US6360469B1 (en) * 2000-07-14 2002-03-26 Smith & Wesson Corp. Electronically fired revolver utilizing percussively actuated cartridges
US6360468B1 (en) * 2000-07-14 2002-03-26 Smith & Wesson Corp. Security apparatus for authorizing use of a non-impact firearm
US20040025392A1 (en) * 2002-02-18 2004-02-12 Dworzan William S. Motion detecting safety device
US20050257676A1 (en) * 2003-10-23 2005-11-24 Ealovega George D Weapon with electro-mechanical firing mechanism for use with combination percussive and electrically responsive cartridge primer

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DE546894C (en) * 1932-03-19 J P Sauer & Sohn Load and voltage indicator to firearms
US5016378A (en) * 1990-05-29 1991-05-21 Sain Kenneth D Firearm safety apparatus
WO1998002704A1 (en) * 1996-07-15 1998-01-22 Remington Arms Company, Inc. Round sensing mechanism
DE102004025720A1 (en) 2004-05-26 2005-12-22 Heckler & Koch Gmbh Switching element for gun safety

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* Cited by examiner, † Cited by third party
Publication number Priority date Publication date Assignee Title
US2134406A (en) * 1937-05-17 1938-10-25 Charles E Jacobs Illuminated safety indicator for guns
US3024453A (en) * 1958-10-02 1962-03-06 Maurice R Ransom Projectile sensing and indicating device
US4793085A (en) * 1987-01-28 1988-12-27 Colt Industries Inc. Electronic firing system for target pistol
US5016374A (en) * 1987-04-10 1991-05-21 Ahlberg & Co. Ab Buildable device including modular frame assembly
US5465518A (en) * 1993-04-23 1995-11-14 Blaser; Horst Shooting arms with a safety device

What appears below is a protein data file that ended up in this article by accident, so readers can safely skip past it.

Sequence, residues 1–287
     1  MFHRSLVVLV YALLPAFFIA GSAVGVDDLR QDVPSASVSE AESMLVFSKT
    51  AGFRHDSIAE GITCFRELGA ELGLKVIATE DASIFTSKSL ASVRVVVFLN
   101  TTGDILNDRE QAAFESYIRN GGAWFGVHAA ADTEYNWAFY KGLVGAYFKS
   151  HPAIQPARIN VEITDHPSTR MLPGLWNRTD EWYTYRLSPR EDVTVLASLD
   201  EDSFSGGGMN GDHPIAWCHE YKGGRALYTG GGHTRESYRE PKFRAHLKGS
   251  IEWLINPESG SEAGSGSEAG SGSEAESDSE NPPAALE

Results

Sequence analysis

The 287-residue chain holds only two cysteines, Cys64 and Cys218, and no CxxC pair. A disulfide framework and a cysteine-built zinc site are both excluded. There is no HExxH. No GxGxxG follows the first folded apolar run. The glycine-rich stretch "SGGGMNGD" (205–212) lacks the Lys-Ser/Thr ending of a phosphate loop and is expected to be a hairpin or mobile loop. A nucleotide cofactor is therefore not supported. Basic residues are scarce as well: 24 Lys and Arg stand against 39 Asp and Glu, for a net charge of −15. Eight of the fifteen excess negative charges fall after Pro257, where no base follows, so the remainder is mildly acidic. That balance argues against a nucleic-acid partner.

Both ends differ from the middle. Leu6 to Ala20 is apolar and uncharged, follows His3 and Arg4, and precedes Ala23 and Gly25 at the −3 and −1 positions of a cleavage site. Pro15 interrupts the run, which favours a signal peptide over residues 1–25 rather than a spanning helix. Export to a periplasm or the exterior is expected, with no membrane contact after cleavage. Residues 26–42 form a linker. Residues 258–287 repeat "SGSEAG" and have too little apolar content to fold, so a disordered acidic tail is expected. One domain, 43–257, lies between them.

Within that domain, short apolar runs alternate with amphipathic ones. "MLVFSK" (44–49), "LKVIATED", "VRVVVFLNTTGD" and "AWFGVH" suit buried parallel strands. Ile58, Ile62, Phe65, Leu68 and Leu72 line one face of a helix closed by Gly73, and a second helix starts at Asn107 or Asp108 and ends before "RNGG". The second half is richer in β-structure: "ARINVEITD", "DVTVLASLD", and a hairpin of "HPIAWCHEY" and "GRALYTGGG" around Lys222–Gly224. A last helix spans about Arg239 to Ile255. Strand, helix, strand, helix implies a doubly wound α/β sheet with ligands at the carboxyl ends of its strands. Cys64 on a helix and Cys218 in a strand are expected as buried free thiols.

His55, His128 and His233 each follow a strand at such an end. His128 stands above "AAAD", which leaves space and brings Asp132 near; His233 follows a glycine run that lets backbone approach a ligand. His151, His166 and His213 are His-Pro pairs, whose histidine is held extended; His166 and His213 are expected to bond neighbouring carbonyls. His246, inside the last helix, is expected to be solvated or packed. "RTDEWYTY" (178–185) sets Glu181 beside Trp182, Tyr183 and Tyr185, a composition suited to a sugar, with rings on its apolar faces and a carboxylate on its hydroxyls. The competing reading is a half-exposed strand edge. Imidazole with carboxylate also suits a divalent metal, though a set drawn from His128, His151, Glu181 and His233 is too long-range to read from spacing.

US5502915A (en) * 1994-04-29 1996-04-02 Eddie S. Mendelsohn Gun
US5713150A (en) * 1995-12-13 1998-02-03 Defense Technologies, Llc Combined mechanical and Electro-mechanical firing mechanism for a firearm
US5755056A (en) * 1996-07-15 1998-05-26 Remington Arms Company, Inc. Electronic firearm and process for controlling an electronic firearm
US5799433A (en) * 1996-07-15 1998-09-01 Remington Arms Company, Inc. Round sensing mechanism
US6286242B1 (en) * 1998-12-04 2001-09-11 Smith & Wesson Corp. Security apparatus for a firearm
US6321478B1 (en) * 1998-12-04 2001-11-27 Smith & Wesson Corp. Firearm having an intelligent controller
US6360470B1 (en) * 2000-07-14 2002-03-26 Smith & Wesson Corp. Firing probe for use in a non-impact firearm
US6360469B1 (en) * 2000-07-14 2002-03-26 Smith & Wesson Corp. Electronically fired revolver utilizing percussively actuated cartridges
US6360468B1 (en) * 2000-07-14 2002-03-26 Smith & Wesson Corp. Security apparatus for authorizing use of a non-impact firearm
US20040025392A1 (en) * 2002-02-18 2004-02-12 Dworzan William S. Motion detecting safety device
US20050257676A1 (en) * 2003-10-23 2005-11-24 Ealovega George D Weapon with electro-mechanical firing mechanism for use with combination percussive and electrically responsive cartridge primer

Cited By (6)

* Cited by examiner, † Cited by third party
Publication number Priority date Publication date Assignee Title
US20120090450A1 (en) * 2009-06-30 2012-04-19 Steyr Mannlicher Holding Gmbh Cocking And Uncocking Mechanism For A Firearm
US8464456B2 (en) * 2009-06-30 2013-06-18 Steyr Mannlicher Holding Gmbh Cocking and uncocking mechanism for a firearm
US20120159830A1 (en) * 2010-12-22 2012-06-28 Blaser Finanzholding Gmbh Safety for a repeating rifle
US8650788B2 (en) * 2010-12-22 2014-02-18 Blaser Finanzholding Gmbh Safety for a repeating rifle
US8920172B1 (en) * 2011-03-15 2014-12-30 Motion Reality, Inc. Method and system for tracking hardware in a motion capture environment
KR101189610B1 (en) 2012-03-22 2012-10-15 김용철 Double barrel shotgun for game

Also Published As

Publication number Publication date Type
WO2007107153A1 (en) 2007-09-27 application
EP1996894B1 (en) 2009-09-30 grant
EP1996894A1 (en) 2008-12-03 application
DE502007001635D1 (en) 2009-11-12 grant
DE102006012834A1 (en) 2007-09-27 application
US7908779B2 (en) 2011-03-22 grant

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AS Assignment

Owner name: ARMATIX GMBH, GERMANY

Free format text: ASSIGNMENT OF ASSIGNORS INTEREST;ASSIGNOR:WASMER, EDELBERT;REEL/FRAME:021560/0597

Effective date: 20080912

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Year of fee payment: 4